most likely saving the conference from losing it's automatic berth to the
NCAA Tournament. However, while Cincinnati and Memphis thrived in their new
home, Louisville suddenly found itself aligned with three former Sun Belt
members (North Carolina-Charlotte, South Florida, and VCU), Southern
Mississippi, Virginia Tech and a Tulane program that had just been
re-instated after a five year absence following a point-shaving scandal. Not
exactly the powerhouse conference it was hoping to be.
In 1995, the depleted Metro merged with the Great Midwest to form
Conference USA. The 20-year experiment known as the Metro Conference was no
But think about it. Had things gone a little differently, when discussing
the Metro today, you could be talking about a football conference that
potentially could have had Florida State, Miami, Virginia Tech, West
Virginia, Pittsburgh, Lousiville, Syracuse, South Carolina and Boston
College. Throw in Temple, Cincinnati, Charlotte and Memphis and you've got a
heck of a basketball conference as well.
But hindsight is always 20/20, and by no means am I implying the powers
that be at the Metro screwed up. Landing eastern football powerhouses like
Miami and Pittsburgh to a primarily midwest-centered conference was always a
long shot. In addition, many of the football schools at the time had
lackluster basketball records at best, and joining conferences such as the
ACC or Big East would greatly help them develop their basketball programs -
and further tap into the only other NCAA Division 1-A sport that actually
turns a profit for the schools. The Big East was coming off an outstanding
decade that saw them play in the NCAA title game in 5 out of 8 seasons, and
the ACC - led by Duke - was rapidly becoming the best conference in America.
Also, at the time of the merger, the Metro was heavily depleted, and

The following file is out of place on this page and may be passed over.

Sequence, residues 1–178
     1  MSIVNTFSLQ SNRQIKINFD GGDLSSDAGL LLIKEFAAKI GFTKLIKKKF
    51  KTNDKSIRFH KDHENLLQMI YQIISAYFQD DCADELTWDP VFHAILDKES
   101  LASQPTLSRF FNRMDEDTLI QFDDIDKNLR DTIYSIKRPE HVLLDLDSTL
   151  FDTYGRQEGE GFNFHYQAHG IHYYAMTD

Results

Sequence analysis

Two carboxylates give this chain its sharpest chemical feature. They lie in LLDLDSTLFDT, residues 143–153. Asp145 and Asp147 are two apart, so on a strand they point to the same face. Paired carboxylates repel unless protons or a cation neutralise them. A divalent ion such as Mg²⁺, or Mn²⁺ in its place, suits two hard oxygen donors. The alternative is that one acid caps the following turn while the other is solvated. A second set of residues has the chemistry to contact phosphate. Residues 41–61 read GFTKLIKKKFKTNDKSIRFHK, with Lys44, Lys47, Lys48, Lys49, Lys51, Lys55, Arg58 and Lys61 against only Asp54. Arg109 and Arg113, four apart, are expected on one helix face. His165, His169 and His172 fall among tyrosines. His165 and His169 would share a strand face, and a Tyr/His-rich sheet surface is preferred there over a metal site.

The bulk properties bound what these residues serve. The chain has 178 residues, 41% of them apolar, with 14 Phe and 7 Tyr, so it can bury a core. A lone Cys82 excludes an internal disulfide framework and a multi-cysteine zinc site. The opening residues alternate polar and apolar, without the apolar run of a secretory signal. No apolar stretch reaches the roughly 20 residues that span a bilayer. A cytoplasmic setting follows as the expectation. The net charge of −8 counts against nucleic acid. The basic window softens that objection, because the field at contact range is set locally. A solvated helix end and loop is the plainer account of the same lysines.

joining the Great Midwest Conference to form C-USA to secure more lucrative
bowl bids and NCAA Tournament bids certainly seemed to be a good idea at the
time. The Great Midwest had already snatched up Metro founding teams
Memphis, Cinicinnati, and St. Louis in 1991, so the teams were already
familiar with each other. Virginia Tech would be booted out of the
conference for opposing the merger, but they were already in the Big East
for football, and it was a foregone conclusion they would soon leave for
everything else as well no matter what the Metro did.
There is also no way the primary founders of C-USA could have known that
just a few years later, the Big East would be caught napping and have their
best football schools, as well as Boston College, snatched from underneath
them by the ACC, and the basketball superconference would turn their sights
on them. Although, how the Big East could not have known that Miami and
Virginia Tech would be tempted to bolt to the ACC (where it not only makes
more sense geographically, but is home to their in-state rivals, Florida
State and Virginia, respectively) is beyond me. But thatís a story for
For now, on the ten year anniversary of the end of the Metro, we should
pay our respects to a truly great conference, that even for just a moment,
was ahead of its time.